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Uh oh, don't get caught being one of those people who sit in the disability seats when this guy is standing on his crutches! Clearly these are not southerners.
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Play with this hypnotic wobbly line that's like creating your own iTunes visualizer. I'm not sure it's made me any more imaginative, as it claims, but I do feel soothed.
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I really want one of these business cards.

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In lieu of chocolates this Easter, send links! FlossyLinks@gmail.com, or get other links and oddities by following me on Twitter (FlossyAlli). Tweet on, Flossers!

[Last Weekend's Links]

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FRED TANNEAU/AFP/Getty Images
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Animals
Fisherman Catches Rare Blue Lobster, Donates It to Science
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FRED TANNEAU/AFP/Getty Images

Live lobsters caught off the New England coast are typically brown, olive-green, or gray—which is why one New Hampshire fisherman was stunned when he snagged a blue one in mid-July.

As The Independent reports, Greg Ward, from Rye, New Hampshire, discovered the unusual lobster while examining his catch near the New Hampshire-Maine border. Ward initially thought the pale crustacean was an albino lobster, which some experts estimate to be a one-in-100-million discovery. However, a closer inspection revealed that the lobster's hard shell was blue and cream.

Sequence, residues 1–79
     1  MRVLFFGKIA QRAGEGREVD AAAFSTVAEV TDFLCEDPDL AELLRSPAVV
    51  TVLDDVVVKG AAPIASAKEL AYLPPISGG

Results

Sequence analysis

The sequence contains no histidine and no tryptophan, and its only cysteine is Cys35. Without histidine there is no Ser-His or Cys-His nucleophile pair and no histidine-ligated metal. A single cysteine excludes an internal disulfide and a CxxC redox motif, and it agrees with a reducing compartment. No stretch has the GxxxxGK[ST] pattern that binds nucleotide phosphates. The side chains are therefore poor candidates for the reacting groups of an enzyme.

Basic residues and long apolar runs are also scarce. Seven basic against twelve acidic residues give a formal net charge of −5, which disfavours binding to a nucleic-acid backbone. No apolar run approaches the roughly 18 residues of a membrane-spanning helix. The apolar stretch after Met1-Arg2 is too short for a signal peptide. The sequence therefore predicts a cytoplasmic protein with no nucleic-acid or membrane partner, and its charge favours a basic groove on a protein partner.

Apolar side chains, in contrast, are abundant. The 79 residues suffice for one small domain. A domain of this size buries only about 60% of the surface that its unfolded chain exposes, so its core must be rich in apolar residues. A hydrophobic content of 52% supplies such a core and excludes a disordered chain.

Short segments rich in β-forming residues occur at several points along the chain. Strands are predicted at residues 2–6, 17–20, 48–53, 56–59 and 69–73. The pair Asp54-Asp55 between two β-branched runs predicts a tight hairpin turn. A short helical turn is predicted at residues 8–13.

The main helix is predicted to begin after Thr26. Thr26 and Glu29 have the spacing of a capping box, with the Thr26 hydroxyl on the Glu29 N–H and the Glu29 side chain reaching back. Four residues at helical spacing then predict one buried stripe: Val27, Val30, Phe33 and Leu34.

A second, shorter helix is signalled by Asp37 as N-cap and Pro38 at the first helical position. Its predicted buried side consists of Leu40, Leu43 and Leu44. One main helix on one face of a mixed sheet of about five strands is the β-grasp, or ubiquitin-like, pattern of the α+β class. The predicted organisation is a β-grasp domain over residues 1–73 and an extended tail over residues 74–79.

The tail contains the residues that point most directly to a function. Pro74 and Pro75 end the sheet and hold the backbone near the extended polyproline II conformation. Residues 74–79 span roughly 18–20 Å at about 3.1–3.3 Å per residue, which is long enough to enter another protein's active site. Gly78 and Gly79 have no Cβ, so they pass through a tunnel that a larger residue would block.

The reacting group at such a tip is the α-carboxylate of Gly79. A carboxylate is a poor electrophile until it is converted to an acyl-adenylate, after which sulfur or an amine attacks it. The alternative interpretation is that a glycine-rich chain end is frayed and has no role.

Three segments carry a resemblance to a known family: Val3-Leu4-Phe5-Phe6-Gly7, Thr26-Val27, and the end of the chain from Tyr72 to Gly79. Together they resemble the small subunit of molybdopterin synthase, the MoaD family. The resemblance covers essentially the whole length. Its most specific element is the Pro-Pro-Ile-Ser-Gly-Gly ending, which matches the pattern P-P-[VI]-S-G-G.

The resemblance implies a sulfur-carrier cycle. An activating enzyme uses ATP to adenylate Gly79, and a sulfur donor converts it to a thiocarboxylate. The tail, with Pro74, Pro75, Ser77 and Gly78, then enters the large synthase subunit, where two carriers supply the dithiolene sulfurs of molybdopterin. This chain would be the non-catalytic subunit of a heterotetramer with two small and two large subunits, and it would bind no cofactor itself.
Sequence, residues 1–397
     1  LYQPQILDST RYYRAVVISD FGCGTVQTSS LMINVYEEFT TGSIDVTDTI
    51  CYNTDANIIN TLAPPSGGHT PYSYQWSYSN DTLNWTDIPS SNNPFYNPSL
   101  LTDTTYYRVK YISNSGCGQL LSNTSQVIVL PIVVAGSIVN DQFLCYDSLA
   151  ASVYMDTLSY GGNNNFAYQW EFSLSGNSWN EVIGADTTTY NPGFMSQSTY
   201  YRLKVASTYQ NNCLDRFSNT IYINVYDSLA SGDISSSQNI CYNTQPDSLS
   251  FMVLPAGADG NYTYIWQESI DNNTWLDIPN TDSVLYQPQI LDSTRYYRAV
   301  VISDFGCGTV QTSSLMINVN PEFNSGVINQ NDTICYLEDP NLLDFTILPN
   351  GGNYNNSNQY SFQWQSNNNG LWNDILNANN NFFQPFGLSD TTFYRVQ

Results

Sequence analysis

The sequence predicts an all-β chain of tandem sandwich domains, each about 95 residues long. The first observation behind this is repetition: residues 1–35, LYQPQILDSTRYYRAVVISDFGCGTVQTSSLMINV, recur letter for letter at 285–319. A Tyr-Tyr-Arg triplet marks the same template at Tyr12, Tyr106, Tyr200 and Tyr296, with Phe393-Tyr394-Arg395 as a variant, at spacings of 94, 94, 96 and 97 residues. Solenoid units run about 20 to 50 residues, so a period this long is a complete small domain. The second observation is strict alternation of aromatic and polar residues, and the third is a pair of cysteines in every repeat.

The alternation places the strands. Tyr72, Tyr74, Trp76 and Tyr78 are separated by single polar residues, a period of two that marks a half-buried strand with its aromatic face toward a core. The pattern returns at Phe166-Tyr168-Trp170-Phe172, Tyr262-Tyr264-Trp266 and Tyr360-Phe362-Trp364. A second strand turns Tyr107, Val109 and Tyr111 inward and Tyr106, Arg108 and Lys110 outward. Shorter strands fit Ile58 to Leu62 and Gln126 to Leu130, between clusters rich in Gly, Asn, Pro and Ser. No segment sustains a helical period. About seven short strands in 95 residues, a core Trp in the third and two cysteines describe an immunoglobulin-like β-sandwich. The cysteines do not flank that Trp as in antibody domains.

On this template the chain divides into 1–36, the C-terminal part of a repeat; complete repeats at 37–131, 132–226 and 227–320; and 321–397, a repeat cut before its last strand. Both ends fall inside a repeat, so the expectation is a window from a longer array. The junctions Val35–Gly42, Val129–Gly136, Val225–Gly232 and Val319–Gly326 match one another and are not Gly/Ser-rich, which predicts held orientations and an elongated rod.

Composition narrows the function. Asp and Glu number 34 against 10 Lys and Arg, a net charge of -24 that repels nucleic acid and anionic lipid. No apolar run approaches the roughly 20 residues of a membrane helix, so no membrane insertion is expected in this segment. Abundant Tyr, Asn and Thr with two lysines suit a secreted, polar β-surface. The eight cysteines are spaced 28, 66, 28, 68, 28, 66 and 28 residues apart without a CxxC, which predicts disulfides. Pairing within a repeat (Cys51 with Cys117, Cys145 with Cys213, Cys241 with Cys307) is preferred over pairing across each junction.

"This one was not all the way white and not all the way blue," Ward told The Portsmouth Herald. "I've never seen anything like it."

While not as rare as an albino lobster, blue lobsters are still a famously elusive catch: It's said that the odds of their occurrence are an estimated one in two million, although nobody knows the exact numbers.

Instead of eating the blue lobster, Ward decided to donate it to the Seacoast Science Center in Rye. There, it will be studied and displayed in a lobster tank with other unusually colored critters, including a second blue lobster, a bright orange lobster, and a calico-spotted lobster.

[h/t The Telegraph]

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Courtesy Murdoch University
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Animals
Australian Scientists Discover First New Species of Sunfish in 125 Years